Acknowledging the failings of the pharma business model, Stott explained how it depends on a positive return on investment. This confirmed what Dr. Rath and our Foundation have been saying for years now, namely that the pharma industry isn’t a health industry, it’s an investment industry driven by the profits of its shareholders. Describing how the return on investment in pharma R&D was rapidly declining, Stott stated that the reasons for this included decreasing success rates in new drug development, rising clinical trial costs, a tougher regulatory environment, and increasing competition from generic manufacturers who disruptively make cheaper copies of existing drugs after the original patents have expired.
Putting all this together, Stott predicted that falls in the average return on investment would result in the entire pharma industry beginning to contract within the following two to three years. By the year 2040 the annual value of the industry’s total global sales may have fallen back to what it was in 1990. This would represent a catastrophic reduction in revenue of around 90 percent. Tellingly, therefore, Stott described the pharma business model as “broken,” adding that it was “entering a vicious cycle of negative growth and terminal decline as its fundamental business model has run out of steam.” He concluded that the industry would “not be around forever” and that it must “adapt or die.”
In his most revealing statement of all, emphasizing the desperate nature of the situation that drug companies had found themselves in, Stott wrote that the pharma industry needed “a major breakthrough right now, in 2018.” Even then, however, he said it would still face “a period of significant contraction before any recovery,” and that “anything less [than an immediate breakthrough] would be too little, too late to save the industry from terminal decline.”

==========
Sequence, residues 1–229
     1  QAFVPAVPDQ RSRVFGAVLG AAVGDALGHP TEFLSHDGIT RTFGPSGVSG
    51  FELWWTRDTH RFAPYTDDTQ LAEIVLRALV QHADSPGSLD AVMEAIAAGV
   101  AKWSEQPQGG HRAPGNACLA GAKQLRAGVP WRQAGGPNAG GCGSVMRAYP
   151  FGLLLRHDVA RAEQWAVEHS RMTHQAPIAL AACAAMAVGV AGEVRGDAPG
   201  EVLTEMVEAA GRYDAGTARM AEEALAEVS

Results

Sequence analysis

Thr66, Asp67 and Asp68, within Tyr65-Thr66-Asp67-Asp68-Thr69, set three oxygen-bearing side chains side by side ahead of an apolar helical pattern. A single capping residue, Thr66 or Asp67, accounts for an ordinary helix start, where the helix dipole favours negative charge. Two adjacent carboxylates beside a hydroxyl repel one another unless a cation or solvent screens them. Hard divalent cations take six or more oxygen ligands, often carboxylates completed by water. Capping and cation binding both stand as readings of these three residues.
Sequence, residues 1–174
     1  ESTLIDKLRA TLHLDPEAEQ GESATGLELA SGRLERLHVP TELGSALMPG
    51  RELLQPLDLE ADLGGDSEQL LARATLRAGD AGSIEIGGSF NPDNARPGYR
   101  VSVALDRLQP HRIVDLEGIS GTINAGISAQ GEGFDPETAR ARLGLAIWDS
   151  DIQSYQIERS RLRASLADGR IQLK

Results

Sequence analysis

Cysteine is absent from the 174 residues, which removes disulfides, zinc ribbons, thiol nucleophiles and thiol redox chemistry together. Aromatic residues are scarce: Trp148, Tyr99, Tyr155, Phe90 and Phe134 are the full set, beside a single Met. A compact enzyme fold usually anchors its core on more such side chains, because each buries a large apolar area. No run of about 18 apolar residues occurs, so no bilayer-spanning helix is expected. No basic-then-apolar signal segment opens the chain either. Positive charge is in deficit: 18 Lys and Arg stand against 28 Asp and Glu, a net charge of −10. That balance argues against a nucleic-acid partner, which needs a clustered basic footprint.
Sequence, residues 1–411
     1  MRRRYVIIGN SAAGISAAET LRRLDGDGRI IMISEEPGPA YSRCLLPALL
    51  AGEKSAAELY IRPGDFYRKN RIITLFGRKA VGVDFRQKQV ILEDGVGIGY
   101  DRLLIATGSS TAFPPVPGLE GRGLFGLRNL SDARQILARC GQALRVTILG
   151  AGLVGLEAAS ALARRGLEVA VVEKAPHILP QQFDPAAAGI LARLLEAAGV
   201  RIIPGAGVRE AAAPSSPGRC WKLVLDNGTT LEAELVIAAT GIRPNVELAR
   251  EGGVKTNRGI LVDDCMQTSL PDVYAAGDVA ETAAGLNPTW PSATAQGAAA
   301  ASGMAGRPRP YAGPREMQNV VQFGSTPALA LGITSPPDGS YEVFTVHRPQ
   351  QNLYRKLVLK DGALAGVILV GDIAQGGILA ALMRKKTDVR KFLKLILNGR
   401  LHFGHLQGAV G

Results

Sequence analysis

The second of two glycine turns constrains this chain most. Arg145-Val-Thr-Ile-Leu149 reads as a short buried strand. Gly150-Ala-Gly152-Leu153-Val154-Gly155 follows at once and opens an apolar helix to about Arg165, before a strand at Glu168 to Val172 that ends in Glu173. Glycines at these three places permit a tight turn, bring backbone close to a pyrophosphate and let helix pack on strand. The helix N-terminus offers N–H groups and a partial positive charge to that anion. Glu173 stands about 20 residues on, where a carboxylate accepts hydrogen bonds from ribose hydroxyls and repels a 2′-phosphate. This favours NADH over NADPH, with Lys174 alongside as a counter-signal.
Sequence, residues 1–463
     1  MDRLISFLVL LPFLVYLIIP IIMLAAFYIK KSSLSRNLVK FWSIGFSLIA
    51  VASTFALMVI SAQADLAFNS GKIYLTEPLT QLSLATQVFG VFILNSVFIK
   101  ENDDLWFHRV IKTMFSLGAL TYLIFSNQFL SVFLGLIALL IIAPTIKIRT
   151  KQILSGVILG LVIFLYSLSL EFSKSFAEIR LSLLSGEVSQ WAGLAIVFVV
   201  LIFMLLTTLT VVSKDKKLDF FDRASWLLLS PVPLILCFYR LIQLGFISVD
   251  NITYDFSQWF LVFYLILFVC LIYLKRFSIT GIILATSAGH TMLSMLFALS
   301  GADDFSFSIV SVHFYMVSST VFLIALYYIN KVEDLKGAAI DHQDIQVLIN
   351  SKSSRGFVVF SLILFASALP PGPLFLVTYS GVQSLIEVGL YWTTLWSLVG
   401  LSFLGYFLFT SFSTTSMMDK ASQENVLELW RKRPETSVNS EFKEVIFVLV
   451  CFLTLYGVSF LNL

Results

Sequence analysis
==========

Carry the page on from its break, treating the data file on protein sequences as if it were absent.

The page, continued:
In what can only therefore be described as an incredible stroke of good fortune for pharmaceutical investors, a mere 18 months after Stott wrote these words, the COVID-19 outbreak in Wuhan, China, provided the answer to the drug industry’s prayers. As a result, the worldwide mandatory use of experimental vaccines is being positioned as the ‘major breakthrough’ to rescue the industry’s business model.
Pharma in a desperate battle for survival
Only time will tell where all this leads, and whether there may be even more to the lab-leak theory than is currently suspected. But whatever happens next, one thing is already certain: the pharmaceutical investment business is engaged in a desperate battle for its survival.
By targeting the micronutrient deficiencies that Dr. Rath’s scientific discoveries have proven are the primary cause of diseases, nutrition and Cellular Medicine therapies offer the tantalizing opportunity to effectively, safely, and affordably save millions of lives from cardiovascular disease, cancer, pandemics, and other diseases alike. This, more than anything else, is what will ultimately ensure the final demise of the drug industry.
Viewed in this light, it can be seen that forcing the entire world to submit to experimental pharmaceutical vaccines is a last desperate throw of the dice by the drug industry’s key political stakeholders. It is in all of our interests to ensure that they don’t succeed.